By J.M. HIRSCH, Associated Press
Published August 18, 2004
CONCORD, N.H. - Though a longtime vegetarian, I'm oddly drawn to nut-crusted pork chops and chicken cutlets.
It makes little sense, as I don't think I've actually eaten either dish. It probably has something to do with how I imagine they taste: a creamy and crunchy nut coating contrasted by the savory smoothness of the meat.
Part of my attraction also likely stems from the general failure of vegetarian foods to approximate those flavors and textures. Sure there are fried tofus, which are wonderful in their own right. But they tend to be more chewy than crispy.
Over the years I have attempted various recipes to batter or bread tofu, seitan, tempeh and other meat analogs, but no matter how long they're fried, the coating usually sloughed off into an oily mess.
Battering and baking the same "meats" seemed more promising. The results were tasty, but still lacked that crispy coating.
Recently the answer to my nut-coated quandary arrived in the pages of a recent book by the folks at Cook's Illustrated magazine, Inside America's Test Kitchen (America's Test Kitchen, $29.95).
Its recipe for nut-crusted chicken cutlets appealed to me. It was streamlined and straightforward, coating the cutlets with egg before dredging them through a coarse grind of Japanese bread crumbs (panko) and almond slivers.
My theory? What's good for fowl is good for soy.
I followed the Cook's recipe with one exception. Instead of chicken cutlets, I substituted 3/4-inch slabs of extra-firm tofu. As directed, I dredged them through egg and a combination of panko and almonds, then gave them a quick fry.
The result? Surprisingly good. The tofu held together well and the breading stayed put, frying up crispy and firm. That crispness was nicely offset by the warm smoothness of the tofu inside.
The only thing I would change is to marinate the tofu slabs before dredging them through the egg and breading. Some possibilities for marinades might include:
Spicy peanut sauce.
A blend of soy sauce and rice vinegar.
A blend of cider vinegar and maple syrup.
Tofu should be marinated for at least an hour; overnight is even better.
Silken tofu, even the firm varieties, are too soft for this recipe. Be sure to use water-packed tofu, which has a denser texture and holds up better to handling and frying.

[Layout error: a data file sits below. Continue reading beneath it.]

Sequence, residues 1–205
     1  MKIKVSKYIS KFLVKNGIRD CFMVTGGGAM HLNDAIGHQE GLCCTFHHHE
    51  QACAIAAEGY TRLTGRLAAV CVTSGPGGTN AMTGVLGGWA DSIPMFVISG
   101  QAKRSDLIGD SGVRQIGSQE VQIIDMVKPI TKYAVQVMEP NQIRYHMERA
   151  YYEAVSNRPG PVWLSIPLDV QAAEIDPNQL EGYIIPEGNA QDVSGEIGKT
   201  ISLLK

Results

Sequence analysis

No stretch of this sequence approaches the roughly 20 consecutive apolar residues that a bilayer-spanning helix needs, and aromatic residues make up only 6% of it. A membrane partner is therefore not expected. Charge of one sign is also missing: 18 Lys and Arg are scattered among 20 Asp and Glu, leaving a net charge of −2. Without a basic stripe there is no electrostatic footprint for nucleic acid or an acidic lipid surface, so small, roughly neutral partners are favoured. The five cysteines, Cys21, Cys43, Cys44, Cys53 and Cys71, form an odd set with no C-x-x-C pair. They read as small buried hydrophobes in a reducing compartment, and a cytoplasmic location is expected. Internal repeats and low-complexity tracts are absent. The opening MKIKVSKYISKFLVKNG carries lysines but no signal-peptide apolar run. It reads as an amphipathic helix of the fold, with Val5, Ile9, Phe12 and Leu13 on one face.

These tofu cutlets are delicious on their own served with wilted kale and sauteed onions. They also would be great served on a bun with melted cheese (soy or dairy).
Nut-Crusted Tofu Cutlets
2 large eggs
1 teaspoon Dijon mustard
1 teaspoon orange zest
1/2 teaspoon salt
1/4 teaspoon freshly ground
black pepper, to taste
1 cup sliced almonds, processed into fine crumbs in the food processor
1/2 cup panko (Japanese-style bread crumbs)
2 15-ounce packages extra-firm tofu, cut into 3/4-inch slabs and sponged dry with paper towels
6 tablespoons vegetable oil
Preparation time: 20 minutes, not counting marinating.
Lightly beat the eggs, mustard, orange zest, salt and pepper in a shallow dish.
Mix the almonds and panko in a separate shallow dish. Working with one piece of tofu at a time, dip each slab in the egg mixture using tongs, turning to coat well. Allow the excess to drip off.
Drop the tofu into the nut mixture and press the crumbs onto the cutlet with your fingers. Transfer the tofu to a wire rack set over a baking sheet and repeat with the remaining tofu.
Heat the oil in a heavy-bottomed, 12-inch nonstick skillet over a medium-high flame until just smoking.
Place the cuts in the skillet several at a time and cook until golden brown and crisp on the first side, about 21/2 minutes.
Using tongs, flip the tofu and cook on the opposite side another 2 minutes. Repeat rotating and cooking until all four sides of cutlets are cooked and crispy.
Transfer to a paper-towel-lined plate to absorb excess oil.
Makes 4 servings.
- Source: Recipe adapted from "Inside America's Test Kitchen" (America's Test Kitchen, 2004, $29.95.)